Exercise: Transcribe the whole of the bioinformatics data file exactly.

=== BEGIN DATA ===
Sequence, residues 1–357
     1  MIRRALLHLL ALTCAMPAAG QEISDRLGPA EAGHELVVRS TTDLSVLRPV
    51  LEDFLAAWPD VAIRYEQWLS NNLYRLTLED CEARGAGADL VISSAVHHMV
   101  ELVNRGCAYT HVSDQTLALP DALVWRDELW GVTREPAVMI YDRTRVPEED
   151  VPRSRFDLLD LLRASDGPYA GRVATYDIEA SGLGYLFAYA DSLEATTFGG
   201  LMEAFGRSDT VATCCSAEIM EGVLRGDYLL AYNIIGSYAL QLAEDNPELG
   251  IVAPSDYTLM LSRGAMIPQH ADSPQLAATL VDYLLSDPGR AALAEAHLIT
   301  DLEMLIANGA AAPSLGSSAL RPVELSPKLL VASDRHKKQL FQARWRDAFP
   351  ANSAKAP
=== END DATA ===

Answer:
Sequence, residues 1–357
     1  MIRRALLHLL ALTCAMPAAG QEISDRLGPA EAGHELVVRS TTDLSVLRPV
    51  LEDFLAAWPD VAIRYEQWLS NNLYRLTLED CEARGAGADL VISSAVHHMV
   101  ELVNRGCAYT HVSDQTLALP DALVWRDELW GVTREPAVMI YDRTRVPEED
   151  VPRSRFDLLD LLRASDGPYA GRVATYDIEA SGLGYLFAYA DSLEATTFGG
   201  LMEAFGRSDT VATCCSAEIM EGVLRGDYLL AYNIIGSYAL QLAEDNPELG
   251  IVAPSDYTLM LSRGAMIPQH ADSPQLAATL VDYLLSDPGR AALAEAHLIT
   301  DLEMLIANGA AAPSLGSSAL RPVELSPKLL VASDRHKKQL FQARWRDAFP
   351  ANSAKAP